2020 has been one of the most tumultuous years in living memory, and yet Australia looks set to emerge better placed than almost any other country.
Here are half a dozen lessons we learned this year in relation to property ownership and investment.
1 - Market resilience in 2020
It's long been known that regulators and government are motivated to support housing markets through lean periods, and 2020 was no different in this regard.
There was even some tacit discussion about whether transactions in the housing market should be deemed to be 'halted' during the most uncertain months of restrictions.
Thankfully, Australia controlled the virus spread as well as almost anywhere, but still, we have run the whole gamut of supportive measures, in the form of a range of stimulus packages in concert with monetary policy stimulus.
2 - Sectors that were impacted and why
The property market sectors that were most heavily impacted included office towers in the major capital cities centres, and higher-density rental apartments in the CBDs of Sydney and Melbourne.
The drivers included the international border closures preventing new migrants, tourists, and students coming into Australia, and an outward shift in housing demand towards the city fringes or regional markets, which is a rational response to a pandemic.
Overall, in the wash-up some commercial property types will have been harder hit in terms of prices, but there remains weakness in some residential rental markets, especially for units in parts of Sydney and Melbourne.
3 - Houses versus units
The latest figures from the Australian Bureau of Statistics showed that, contrary to popular belief, house prices fell further than unit prices, dropping by around 2 per cent between March and June 2020, while attached dwellings only lost about 1 per cent in value.
Of course, averages can mask divergent underlying trends, and it's become clear over the past 8 years or so that small, generic new apartments, built with investors rather the homebuyers in mind, have been more susceptible to underperformance.
4 - Commercial versus residential investment
Commercial property tends to be more suited to the institutional investor, or to more educated property investors, especially those seeking a higher yield or income-focussed investments.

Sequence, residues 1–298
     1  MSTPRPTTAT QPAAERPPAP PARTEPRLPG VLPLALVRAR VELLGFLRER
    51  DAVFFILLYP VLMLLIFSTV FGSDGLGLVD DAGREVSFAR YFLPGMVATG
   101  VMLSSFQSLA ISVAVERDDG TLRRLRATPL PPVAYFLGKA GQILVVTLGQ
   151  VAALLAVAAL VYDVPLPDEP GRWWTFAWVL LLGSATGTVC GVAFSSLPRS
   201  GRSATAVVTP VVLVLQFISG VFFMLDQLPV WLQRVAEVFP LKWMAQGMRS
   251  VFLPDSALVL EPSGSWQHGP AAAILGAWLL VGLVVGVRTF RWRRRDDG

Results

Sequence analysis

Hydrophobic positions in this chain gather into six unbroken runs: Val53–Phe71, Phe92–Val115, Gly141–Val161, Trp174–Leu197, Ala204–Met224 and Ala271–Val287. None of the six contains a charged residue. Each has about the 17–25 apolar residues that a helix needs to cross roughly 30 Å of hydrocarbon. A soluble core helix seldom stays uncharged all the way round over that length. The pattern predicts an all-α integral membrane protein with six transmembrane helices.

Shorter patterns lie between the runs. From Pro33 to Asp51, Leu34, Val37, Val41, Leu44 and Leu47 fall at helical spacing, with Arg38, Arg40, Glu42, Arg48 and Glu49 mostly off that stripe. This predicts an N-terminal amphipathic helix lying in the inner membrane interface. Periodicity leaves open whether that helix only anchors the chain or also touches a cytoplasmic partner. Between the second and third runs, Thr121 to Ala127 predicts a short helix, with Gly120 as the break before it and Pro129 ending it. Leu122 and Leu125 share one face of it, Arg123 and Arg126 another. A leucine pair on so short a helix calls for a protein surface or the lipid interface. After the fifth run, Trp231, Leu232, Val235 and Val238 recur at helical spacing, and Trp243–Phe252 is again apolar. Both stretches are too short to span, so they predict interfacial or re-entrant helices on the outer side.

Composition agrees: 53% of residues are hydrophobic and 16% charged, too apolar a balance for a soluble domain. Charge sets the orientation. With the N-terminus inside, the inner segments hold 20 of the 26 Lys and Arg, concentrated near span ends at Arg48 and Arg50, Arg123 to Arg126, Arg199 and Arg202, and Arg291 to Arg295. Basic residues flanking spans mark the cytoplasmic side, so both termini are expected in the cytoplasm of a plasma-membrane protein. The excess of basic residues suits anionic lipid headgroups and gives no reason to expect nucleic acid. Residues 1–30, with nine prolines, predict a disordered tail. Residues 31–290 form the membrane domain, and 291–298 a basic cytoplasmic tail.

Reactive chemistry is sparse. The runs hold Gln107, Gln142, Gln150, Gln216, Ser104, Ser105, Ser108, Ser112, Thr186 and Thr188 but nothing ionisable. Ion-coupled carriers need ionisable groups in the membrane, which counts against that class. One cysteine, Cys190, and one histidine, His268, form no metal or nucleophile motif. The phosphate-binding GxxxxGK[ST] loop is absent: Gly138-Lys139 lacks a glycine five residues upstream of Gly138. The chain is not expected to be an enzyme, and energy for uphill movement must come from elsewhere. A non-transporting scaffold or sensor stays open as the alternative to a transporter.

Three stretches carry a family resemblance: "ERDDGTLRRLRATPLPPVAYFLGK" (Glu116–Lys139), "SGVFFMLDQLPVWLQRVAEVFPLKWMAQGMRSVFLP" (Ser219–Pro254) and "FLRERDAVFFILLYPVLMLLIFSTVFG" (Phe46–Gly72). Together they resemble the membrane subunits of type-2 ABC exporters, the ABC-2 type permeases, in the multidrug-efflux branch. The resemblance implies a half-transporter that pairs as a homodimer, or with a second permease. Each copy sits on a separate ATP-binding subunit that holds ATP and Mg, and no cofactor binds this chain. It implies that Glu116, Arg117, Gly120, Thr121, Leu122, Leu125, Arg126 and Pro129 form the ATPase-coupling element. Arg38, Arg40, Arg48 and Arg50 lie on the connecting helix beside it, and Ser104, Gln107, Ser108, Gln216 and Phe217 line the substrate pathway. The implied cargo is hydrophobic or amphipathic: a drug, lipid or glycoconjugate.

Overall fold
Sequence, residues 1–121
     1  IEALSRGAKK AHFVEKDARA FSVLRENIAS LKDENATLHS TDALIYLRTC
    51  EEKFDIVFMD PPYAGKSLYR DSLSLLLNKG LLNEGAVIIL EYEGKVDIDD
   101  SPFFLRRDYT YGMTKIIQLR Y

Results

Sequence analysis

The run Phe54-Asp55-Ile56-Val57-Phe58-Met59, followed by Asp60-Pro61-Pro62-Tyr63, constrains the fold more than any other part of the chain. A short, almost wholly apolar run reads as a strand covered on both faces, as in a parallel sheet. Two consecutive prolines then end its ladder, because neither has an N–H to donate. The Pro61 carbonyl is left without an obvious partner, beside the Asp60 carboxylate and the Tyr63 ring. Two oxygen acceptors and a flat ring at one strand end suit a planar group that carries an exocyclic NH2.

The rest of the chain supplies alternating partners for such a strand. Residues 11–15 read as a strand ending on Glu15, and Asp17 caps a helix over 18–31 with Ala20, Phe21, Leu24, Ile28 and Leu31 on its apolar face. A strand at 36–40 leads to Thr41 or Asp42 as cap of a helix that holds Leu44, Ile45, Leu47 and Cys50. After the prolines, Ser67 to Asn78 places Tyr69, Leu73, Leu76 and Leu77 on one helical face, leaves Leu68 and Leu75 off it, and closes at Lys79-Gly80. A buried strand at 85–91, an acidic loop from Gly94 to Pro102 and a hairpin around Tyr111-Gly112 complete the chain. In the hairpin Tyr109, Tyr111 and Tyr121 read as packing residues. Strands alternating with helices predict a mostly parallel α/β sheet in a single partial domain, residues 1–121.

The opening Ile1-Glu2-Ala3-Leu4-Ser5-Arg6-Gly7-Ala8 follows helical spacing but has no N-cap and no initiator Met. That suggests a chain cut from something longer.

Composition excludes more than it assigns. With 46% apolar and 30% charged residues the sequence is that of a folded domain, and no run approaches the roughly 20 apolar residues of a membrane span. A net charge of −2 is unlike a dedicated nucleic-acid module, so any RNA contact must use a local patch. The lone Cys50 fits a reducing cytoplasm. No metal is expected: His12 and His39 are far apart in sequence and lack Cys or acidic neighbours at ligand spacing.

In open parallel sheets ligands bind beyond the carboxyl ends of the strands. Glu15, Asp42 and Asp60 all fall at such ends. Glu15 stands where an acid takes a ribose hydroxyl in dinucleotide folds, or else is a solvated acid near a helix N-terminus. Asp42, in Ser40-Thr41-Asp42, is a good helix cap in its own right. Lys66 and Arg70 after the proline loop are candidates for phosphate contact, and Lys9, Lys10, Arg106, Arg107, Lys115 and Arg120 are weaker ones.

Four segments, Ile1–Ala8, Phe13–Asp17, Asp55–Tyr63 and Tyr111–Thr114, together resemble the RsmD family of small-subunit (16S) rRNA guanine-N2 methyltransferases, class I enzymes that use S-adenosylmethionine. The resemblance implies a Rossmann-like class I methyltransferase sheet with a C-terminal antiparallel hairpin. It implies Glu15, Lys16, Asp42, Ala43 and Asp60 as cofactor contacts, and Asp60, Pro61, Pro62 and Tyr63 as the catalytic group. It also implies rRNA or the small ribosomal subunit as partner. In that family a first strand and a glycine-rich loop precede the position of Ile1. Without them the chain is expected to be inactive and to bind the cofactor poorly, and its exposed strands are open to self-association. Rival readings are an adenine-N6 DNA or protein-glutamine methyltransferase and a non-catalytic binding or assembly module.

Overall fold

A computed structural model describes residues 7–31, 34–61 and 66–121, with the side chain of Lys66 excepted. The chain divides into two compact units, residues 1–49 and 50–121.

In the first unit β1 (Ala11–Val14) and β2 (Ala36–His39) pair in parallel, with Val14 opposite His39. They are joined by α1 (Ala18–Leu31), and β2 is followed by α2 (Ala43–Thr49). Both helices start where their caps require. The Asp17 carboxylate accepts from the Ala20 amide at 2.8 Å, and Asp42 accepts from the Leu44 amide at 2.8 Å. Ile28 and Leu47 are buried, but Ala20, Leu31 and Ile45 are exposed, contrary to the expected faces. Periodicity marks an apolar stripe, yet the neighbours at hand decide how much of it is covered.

It's often easier for private landlords to understand the market dynamics in the residential space.
2020 has shown that there can be different risks to be managed in commercial property, and that it's important to be well prepared for periods of turbulence.
Historically it's been said that recessions can be damaging for commercial property markets as businesses fail or experience insolvency.
2020 has been a little different with fewer insolvencies to date - as the economy was shut down for a health issue and supported with fiscal measures, rather than squeezed into a recession by higher interest rates - but the trend towards working from home has hit commercial property regardless.
5 - Trends that have accelerated
It's too early to say with any certainty how demographics and the economy will shape up in 2021, but once the international borders reopen early indications suggest that the world will be more similar than different.
When the immigration tap is turned back on Australia will aim for a 'brain gain' which may drive the eminence of the larger cities once again.
There was already a 'sea-change' phenomenon afoot in Australia, as 2020 saw an acceleration in working from home, shorter working weeks in the office, and more online and virtual meetings, and some of these trends will likely persist.
6 - Rental market lessons
2020 again showed that both tenants and landlords would always be well served to have a buffer in place in case of a dearth of employment opportunities or rental income.
Property investors should consider having a landlord insurance policy in place from day one to deal with unforeseen outcomes.
Some of the rental markets, especially in Sydney and Melbourne, may not recover until deep in 2021, as restrictions on international remain in place.